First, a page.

The University of London has conferred its highest honours on exceptional individuals on the Chancellor of the University of Ghana, Mary Chinery-Hesse.
This is in recognition of her “substantial contributions to public life and the University.”
The 83-year-old was awarded the honorary degree with three others at the University’s 2021 Foundation Day, held on Tuesday, November 23 for their “substantial contributions to public life and the University in very different ways.”
Mrs. Chinery-Hesse’s honorary degree was presented by the University’s Chancellor, Her Royal Highness The Princess Royal.
The ceremony, which took place in Bloomsbury’s Senate House, marked the 185th anniversary of the creation of the University of London by Royal Charter on 28th November 1836.
Mary Chinery-Hesse has had distinguished careers in Ghana’s Civil Service and at the United Nations.
She is an important voice on economic development issues, a defender of human and women’s rights, and an advocate for African imperatives.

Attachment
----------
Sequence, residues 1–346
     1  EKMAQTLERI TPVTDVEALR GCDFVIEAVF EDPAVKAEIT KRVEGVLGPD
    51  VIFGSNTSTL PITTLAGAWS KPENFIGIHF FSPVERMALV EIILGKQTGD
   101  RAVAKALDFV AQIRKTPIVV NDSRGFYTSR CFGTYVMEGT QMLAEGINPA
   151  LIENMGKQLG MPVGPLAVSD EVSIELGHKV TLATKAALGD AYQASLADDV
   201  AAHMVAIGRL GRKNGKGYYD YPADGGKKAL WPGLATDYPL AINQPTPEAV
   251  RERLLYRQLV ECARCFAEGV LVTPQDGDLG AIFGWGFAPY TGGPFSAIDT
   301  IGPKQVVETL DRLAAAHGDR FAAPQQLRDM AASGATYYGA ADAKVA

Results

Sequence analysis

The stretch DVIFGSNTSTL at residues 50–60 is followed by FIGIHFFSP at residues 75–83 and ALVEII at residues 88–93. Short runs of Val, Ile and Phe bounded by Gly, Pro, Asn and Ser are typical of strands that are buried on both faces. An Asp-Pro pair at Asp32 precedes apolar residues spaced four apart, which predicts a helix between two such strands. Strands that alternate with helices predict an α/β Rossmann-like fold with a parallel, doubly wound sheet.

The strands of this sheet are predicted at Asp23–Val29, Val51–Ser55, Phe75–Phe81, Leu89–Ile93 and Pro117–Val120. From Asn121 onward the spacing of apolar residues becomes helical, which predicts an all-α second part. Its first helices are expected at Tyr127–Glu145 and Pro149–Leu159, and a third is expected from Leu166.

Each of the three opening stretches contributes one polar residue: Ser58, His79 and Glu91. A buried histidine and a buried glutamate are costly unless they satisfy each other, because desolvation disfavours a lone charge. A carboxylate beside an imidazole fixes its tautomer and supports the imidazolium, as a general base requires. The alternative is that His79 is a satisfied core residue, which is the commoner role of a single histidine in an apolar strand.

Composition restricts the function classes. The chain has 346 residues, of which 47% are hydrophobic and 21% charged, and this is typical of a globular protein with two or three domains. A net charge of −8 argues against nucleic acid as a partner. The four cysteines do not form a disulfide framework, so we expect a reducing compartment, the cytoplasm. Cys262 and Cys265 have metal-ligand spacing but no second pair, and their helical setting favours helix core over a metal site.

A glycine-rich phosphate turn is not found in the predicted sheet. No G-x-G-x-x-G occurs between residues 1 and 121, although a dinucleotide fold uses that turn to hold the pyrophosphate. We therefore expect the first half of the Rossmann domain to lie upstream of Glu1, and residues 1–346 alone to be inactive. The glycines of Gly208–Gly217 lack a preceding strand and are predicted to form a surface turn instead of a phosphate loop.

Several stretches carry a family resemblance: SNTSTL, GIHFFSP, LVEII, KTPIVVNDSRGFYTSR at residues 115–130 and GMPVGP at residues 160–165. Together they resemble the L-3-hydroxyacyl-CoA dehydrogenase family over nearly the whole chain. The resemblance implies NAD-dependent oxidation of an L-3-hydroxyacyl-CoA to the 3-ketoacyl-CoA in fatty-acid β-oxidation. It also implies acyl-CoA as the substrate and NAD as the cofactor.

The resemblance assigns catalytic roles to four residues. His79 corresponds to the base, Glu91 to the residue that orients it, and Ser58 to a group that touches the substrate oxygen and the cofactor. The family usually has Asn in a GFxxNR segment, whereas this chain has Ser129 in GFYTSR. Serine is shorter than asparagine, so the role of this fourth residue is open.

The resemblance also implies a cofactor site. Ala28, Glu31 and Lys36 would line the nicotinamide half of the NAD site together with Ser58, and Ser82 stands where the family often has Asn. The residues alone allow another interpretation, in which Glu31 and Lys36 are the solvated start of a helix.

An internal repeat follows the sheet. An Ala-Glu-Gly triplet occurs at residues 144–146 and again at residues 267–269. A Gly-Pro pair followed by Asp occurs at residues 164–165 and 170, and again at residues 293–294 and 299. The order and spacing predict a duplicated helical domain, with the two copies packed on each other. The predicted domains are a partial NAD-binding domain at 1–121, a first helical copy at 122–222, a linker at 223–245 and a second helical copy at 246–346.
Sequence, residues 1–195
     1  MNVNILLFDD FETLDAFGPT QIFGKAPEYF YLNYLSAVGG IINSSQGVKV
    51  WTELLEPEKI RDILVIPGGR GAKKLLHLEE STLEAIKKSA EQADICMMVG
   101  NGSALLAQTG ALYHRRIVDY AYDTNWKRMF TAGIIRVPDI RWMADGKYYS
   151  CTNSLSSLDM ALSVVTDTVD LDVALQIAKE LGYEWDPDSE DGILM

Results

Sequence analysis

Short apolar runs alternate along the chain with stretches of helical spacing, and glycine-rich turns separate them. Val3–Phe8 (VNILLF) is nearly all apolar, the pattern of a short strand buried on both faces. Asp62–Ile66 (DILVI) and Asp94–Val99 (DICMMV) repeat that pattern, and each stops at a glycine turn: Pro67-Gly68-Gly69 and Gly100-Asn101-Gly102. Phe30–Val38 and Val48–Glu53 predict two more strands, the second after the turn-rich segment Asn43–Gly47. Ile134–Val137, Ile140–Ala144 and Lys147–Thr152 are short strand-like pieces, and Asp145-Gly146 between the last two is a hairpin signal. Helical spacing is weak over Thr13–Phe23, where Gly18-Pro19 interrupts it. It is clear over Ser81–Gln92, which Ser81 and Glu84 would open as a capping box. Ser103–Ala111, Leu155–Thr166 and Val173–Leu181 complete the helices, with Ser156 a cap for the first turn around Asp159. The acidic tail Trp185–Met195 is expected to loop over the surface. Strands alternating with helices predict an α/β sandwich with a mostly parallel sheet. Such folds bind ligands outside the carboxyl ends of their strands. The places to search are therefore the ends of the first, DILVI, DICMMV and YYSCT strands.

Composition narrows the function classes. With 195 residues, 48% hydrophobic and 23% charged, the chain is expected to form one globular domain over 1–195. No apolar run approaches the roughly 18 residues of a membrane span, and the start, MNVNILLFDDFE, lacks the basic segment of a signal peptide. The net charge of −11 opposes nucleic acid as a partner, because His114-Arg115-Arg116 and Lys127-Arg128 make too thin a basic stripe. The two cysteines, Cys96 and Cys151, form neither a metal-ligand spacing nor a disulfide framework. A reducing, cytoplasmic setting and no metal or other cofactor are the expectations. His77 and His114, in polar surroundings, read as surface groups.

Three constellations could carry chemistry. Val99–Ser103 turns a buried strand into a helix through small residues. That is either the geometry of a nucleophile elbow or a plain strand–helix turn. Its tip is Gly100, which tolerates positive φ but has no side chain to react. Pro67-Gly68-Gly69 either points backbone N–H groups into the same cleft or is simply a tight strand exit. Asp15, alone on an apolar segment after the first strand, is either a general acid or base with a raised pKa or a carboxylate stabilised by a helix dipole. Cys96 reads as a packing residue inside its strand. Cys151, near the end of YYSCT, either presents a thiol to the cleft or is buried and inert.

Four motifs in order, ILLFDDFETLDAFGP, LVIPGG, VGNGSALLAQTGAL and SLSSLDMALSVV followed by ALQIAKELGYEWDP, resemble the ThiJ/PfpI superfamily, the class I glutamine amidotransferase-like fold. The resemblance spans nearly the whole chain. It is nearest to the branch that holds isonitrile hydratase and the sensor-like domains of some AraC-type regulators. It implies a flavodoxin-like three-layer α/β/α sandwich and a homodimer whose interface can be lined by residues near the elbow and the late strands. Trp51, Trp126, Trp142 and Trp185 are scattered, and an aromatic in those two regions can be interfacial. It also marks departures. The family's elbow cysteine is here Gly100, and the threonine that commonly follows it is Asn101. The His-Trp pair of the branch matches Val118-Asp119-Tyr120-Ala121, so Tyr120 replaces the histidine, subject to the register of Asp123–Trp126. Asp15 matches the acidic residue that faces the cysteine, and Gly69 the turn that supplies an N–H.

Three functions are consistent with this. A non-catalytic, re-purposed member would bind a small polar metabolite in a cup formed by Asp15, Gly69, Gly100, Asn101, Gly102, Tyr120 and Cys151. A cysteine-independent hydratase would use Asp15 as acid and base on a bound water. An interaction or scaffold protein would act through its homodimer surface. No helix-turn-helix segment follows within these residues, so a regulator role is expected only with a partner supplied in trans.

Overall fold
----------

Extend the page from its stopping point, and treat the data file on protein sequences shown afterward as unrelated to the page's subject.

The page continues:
She was the first African woman to be appointed Resident Coordinator of the UN System, the first African woman to attain the rank of Under-Secretary-General of the United Nations, and is the first female Chancellor of the University of Ghana.
She was also the first female Deputy Director-General of the International Labour Organization.
Chinery-Hesse received the highest national award of Ghana, the Order of the Star of Ghana, under John Kufour’s administration.
She was also awarded the Gusi Peace Prize for International Diplomacy and Humanitarianism in Manila, Philippines, on 24th November 2010. She is the first African woman to receive this distinction.
She holds an Honours Degree from the University of Ghana in Sociology and Economics and was awarded an Honorary Doctor of Laws (honoris causa) by her Alma Mater, the University of Ghana, in 1991, the first female product of the University of Ghana to be so honoured.
She undertook her Post-Graduate Programmes in Development Economics at the University of Dublin and at the World Bank Institute in Washington D.C. where she was inscribed as a Fellow of the Institute.